Vermont is allowing school and recreational youth sports teams to start playing games again next Friday, but spectators won't be allowed, state officials announced.
The sports include basketball, hockey, volleyball, indoor soccer and football and broom ball, said Julie Moore, secretary of the Agency of Natural Resources, at the governor's twice-weekly coronavirus briefing Friday.
“As has been the case throughout the pandemic, things will look different this winter,” she said.
Indoor sports teams that involve close proximity or moderate contact will be restricted to two games per seven days and a minimum of three days between competitions, Moore said.
Players, staffers, referees and officials must wear masks. The state did not see any evidence of virus exposure amid teams from Dec. 26, 2020, when no-contact winter sports practices started up, until mid-January, she said.
Teams are encouraged to find ways to allow for remote viewing, such as live-streaming games, Moore said. The updated guidance will be available on the state's website by the end of Monday, she said.
In other pandemic-related news:
Over 10% of eligible Vermonters have received at least the first dose of the vaccine against COVID-19 as of Thursday, Gov. Phil Scott said.
“With the recent news that our supply will increase over at least the next three weeks, and with Johnson & Johnson seeking approval, we're confident that our pace will continue to accelerate and we'll get to 20% of the population must faster than we got to 10%," he said.
The state is now vaccinating Vermonters ages 75 and older and is expecting to open registration to the next age group, those 70 and older, before the end of the month, the governor said. As of Friday, 21% of Vermonters 75 and older have received their first dose of vaccine, Human Services Secretary Mike Smith said.
Homebound Vermonters in that age group were receiving vaccinations starting Friday, officials said. The vaccines are being administered through partnerships between home health agencies and emergency medical services personnel, Smith said.
A total of 33,700 Vermonters have gotten their first dose, and 24,500 have received their second dose, he said.
SUPER BOWL WARNING
State officials are urging Vermonters not to gather with other households to watch the Super Bowl on Sunday to prevent the spread of the virus.
Multi-household gatherings are still not allowed, officials said.
“This won't be a typical, nor should it be a typical, Super Bowl party year. The risk is too high,” Scott said. “We're only months away from when our most at-risk friends, family and neighbors are able to get the vaccine. Now is not the time to let our guard down.”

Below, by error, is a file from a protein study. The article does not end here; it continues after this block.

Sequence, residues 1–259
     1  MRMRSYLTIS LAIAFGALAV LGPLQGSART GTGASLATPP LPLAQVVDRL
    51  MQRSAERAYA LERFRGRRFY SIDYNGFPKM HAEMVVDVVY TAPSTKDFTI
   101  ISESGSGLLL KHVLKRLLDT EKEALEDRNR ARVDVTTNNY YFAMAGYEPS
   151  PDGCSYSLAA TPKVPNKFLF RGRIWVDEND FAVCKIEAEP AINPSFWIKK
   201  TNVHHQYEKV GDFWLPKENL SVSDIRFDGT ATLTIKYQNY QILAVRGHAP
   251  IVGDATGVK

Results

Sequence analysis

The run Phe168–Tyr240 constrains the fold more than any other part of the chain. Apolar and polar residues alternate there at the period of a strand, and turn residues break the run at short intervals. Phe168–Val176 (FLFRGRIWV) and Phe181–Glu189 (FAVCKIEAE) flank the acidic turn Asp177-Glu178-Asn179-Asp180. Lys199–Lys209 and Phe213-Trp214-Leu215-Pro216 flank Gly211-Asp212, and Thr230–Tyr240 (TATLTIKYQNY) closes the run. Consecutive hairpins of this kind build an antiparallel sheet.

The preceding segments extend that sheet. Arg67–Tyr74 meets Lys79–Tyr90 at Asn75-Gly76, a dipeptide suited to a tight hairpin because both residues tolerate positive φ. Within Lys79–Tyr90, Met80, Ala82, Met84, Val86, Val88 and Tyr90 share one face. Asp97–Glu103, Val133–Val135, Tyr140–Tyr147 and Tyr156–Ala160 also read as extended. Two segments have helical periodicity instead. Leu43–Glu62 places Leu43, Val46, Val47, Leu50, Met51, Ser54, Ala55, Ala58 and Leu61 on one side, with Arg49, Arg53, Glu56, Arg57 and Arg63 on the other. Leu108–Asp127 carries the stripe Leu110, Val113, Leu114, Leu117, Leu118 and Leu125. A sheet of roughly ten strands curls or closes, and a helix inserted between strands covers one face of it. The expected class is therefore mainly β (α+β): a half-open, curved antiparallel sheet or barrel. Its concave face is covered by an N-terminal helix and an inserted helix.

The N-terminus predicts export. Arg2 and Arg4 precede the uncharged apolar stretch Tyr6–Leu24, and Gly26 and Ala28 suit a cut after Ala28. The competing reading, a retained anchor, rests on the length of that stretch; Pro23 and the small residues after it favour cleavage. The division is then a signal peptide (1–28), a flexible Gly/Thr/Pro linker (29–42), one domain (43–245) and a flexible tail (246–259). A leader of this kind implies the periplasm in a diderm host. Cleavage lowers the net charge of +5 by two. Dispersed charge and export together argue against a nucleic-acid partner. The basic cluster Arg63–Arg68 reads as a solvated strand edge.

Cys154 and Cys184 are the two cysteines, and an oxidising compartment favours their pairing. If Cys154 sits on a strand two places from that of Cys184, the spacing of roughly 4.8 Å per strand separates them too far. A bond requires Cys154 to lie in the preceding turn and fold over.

Viewers are advised to stay at their own households. “Gathering with anyone you don't live with increases the chances of spreading COVID-19, especially because you'll be indoors, close together and I imagine eating or drinking without masks," said Health Commissioner Dr. Mark Levine.
Staff at a Vermont hospital in the county hardest hit by the COVID-19 pandemic say they are adapting to the strain placed on them by the disease.
Before the pandemic began, the Southwestern Vermont Medical Center in Bennington had four negative pressure rooms designed to contain possible infection.
WCAX-TV reports that now, 41 beds in the 99-bed hospital are negative pressure rooms, which are designed so that air that could carry the virus is kept away from the rest of the hospital.
State statistics show that since the pandemic began Bennington County has the highest per capita rate of COVID-19 infections. Currently, the hospital has 18 COVID-19 patients.
But chief nursing officer Pamela Duchene said that despite a recent surge in cases, things seem to be turning around.
“All of our patients at this point in time are improving in status and we are hoping to, well we discharged a couple today, so our numbers are actually dropping," Duchene said. “And we are seeing fewer COVID-positive patients come in through the emergency department, which I believe is the sign that overall our numbers are drifting down.”
Vermont reported more than 100 new cases of the coronavirus on Friday, for a statewide total since the pandemic began of over 12,600 cases.
No new deaths were reported. A total of 55 people were hospitalized, with 17 in intensive care, according to the state Health Department.
The seven-day rolling average of daily new cases in Vermont did not increase over the past two weeks, going from 143.86 new cases per day on Jan. 21 to 140 new cases per day on Feb. 4.
AP reporter Wilson Ring contributed to this report from Stowe, Vermont.